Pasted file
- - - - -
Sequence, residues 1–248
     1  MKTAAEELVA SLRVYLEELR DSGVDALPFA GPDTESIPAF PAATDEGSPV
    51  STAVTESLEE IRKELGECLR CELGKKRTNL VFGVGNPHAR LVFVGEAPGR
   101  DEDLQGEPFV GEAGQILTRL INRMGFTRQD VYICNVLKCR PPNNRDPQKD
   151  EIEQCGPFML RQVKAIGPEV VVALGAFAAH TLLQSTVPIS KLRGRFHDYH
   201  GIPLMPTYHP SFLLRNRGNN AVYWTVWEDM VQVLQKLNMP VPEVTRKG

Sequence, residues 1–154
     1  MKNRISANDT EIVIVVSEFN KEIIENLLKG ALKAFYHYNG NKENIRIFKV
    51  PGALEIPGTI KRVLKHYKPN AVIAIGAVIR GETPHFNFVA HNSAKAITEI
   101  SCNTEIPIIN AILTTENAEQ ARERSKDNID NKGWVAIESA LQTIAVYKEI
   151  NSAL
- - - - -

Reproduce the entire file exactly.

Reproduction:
Sequence, residues 1–248
     1  MKTAAEELVA SLRVYLEELR DSGVDALPFA GPDTESIPAF PAATDEGSPV
    51  STAVTESLEE IRKELGECLR CELGKKRTNL VFGVGNPHAR LVFVGEAPGR
   101  DEDLQGEPFV GEAGQILTRL INRMGFTRQD VYICNVLKCR PPNNRDPQKD
   151  EIEQCGPFML RQVKAIGPEV VVALGAFAAH TLLQSTVPIS KLRGRFHDYH
   201  GIPLMPTYHP SFLLRNRGNN AVYWTVWEDM VQVLQKLNMP VPEVTRKG

Sequence, residues 1–154
     1  MKNRISANDT EIVIVVSEFN KEIIENLLKG ALKAFYHYNG NKENIRIFKV
    51  PGALEIPGTI KRVLKHYKPN AVIAIGAVIR GETPHFNFVA HNSAKAITEI
   101  SCNTEIPIIN AILTTENAEQ ARERSKDNID NKGWVAIESA LQTIAVYKEI
   151  NSAL